Category Archives: Seller Central

How to look up a trademark with United States Patent and Trademark Office

Getting a trademark is more important to your business than ever. A trademark protects your products and your brand. Without it, you have no recourse to another person or company ripping off your stuff.

Today it’s never been easier to order something off Alibaba Express and start selling an item. We live in the Amazon private label age. If you spend time and money investing in a new idea and don’t get a trademark or patent in place, someone can start selling your exact product and piggy back off your success.

Sometimes even on your own Amazon listings they’ll show up with knockoffs. That not only damages your brand and product, but it could put pressure on your pricing and hurt your margins.

Trademark leads to Brand Registry on Amazon

Having a trademark allows you to get brand registry on Amazon, and you can report products and the sellers of those products for infringing on your trademark. The Amazon brand registry also allows you to build enhanced content, advertise headline ads, open a storefront with a vanity url of www.amazon.com/(your_brand_name_here), and better control your data.

It’s easier to get a trademark than a patent, so at bare minimum get a trademark in place for your brand. Trademarks currently heavily impact success on Amazon. In the near future they could impact other marketplaces and websites as well.

This video walks through how to look up a trademark with the United States Patent and Trademark Office. Which is a starting point for figuring out whether a trademark is in place for your brand name.

  1. Go to https://www.uspto.gov/trademarks-application-process/search-trademark-database
  2. Click “Search Trademarks” (lands you at http://tmsearch.uspto.gov/bin/gate.exe?f=tess&state=4810:tt6qdr.1.1)
  3. Click “Basic Word Mark Search (New User)”
  4. Type the name of the brand or trademark in, it is case sensitive.
  5. Find the live trademark in question to find the needed information.

You will need to do this if you’re trying to figure out if a brand has a trademark, whether you want to create a trademark, of if you have an Amazon account and want to file for Brand Registry but are unsure if a trademark exists.

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Amazon Accounting – Interview with Tyler Jefcoat CEO of Seller Accountant – Profit, Taxes, Books

I sit down with Tyler Jefcoat, CEO of Seller Accountant, which does ecommerce bookkeeping. As both an Amazon business owner and Amazon consultant I ask Tyler about several important areas that impact Amazon sellers and business owners.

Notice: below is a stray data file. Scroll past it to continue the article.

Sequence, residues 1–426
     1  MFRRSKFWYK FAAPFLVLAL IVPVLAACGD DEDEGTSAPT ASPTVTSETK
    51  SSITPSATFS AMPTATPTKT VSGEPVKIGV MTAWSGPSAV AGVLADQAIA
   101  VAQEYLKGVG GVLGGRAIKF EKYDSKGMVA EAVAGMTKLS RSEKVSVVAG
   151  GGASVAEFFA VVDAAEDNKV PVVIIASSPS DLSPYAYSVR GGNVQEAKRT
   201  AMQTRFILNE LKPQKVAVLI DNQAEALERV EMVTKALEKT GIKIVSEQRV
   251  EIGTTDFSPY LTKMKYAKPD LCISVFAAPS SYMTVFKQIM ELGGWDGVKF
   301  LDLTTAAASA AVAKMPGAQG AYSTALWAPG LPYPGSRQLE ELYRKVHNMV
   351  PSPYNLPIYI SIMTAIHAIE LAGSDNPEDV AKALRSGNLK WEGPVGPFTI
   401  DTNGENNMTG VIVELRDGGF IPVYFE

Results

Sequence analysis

1. How to calculate profit
2. When you should you start paying yourself, take profits?
a. Is it pie in the sky? Can you do both?
3. Importance of quality books
4. What is the best way to manage cash?
5. How to make investment decisions? Weather storms vs investing in growth and automation efficiency and profitability of business.
6. Sales tax properly

Important accounting questions to ask yourself: Will it increase my sales/save me time?/speed velocity to collect money/improve quality of life?

Measure every quarter with every expense for each of those questions.

https://www.taxjar.com/ – automatically file tax quarterly/monthly. Where are the states you have nexus in?

You can reach Tyler for a free ecommerce accounting consultation at http://selleraccountant.com/

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Pros and Cons of Starting Your Own Amazon Account vs Leveraging Another’s

It recently dawned on me after setting up a couple dozen seller central accounts that not every seller really needs their own account. And while there are pros and cons to both options, starting your own account, vs leveraging another seller central account, many first time sellers may want to consider using someone else’s. What I mean by using someone else’s seller account is – sell your products at wholesale to another retailer on Amazon. Or give them a rev share. They handle keeping stuff in stock, all the customer service messages, reviews, marketing etc.

You can open a Seller Central account here.

If you are a manufacturer or wholeseller and have never sold on Amazon before, you should at the very least hire a consultant (such as myself…). Whether you launch your own account, or leverage another seller’s depends on your mission and resolve.

 

 

 

 

Pros of using your own seller account:

  1. Visibility into daily sales
  2. Control
  3. Everything is tied to single tax id
  4. You can spend more marketing dollars out of your own pocket

Pros of leveraging another’s account:

  1. Save $40 per month in Amazon seller account fee
  2. Less time required and far less setup
  3. Customer service messages, shipments, and other items are more easily handled for me as a consultant (less $ you have to pay me)
  4. Faster sales velocity due to prior account history
  5. Marketer likely knows how to better spend dollars to get sales

How many skus do you have?

  1. If you have 10 or less skus and sales under 50k a year – you should use someone else’s account.
  2. If you have 10+ skus and sales over 50k a year – you should be on your own seller central account.

Distribution control and MAP can also impact which direction makes the most sense.

Problems that can come up when you open a Seller Central Account:

  1. Identity documents Amazon requests don’t match and you can’t finish setup
  2. Multiple accounts. If your email or phone number are attached to another seller account you may get flagged and unable to sell.
  3. Bad bank account information
  4. Tax ID issues

If you run into any of these issues I can help you sort them out steven@myamazonguy.com

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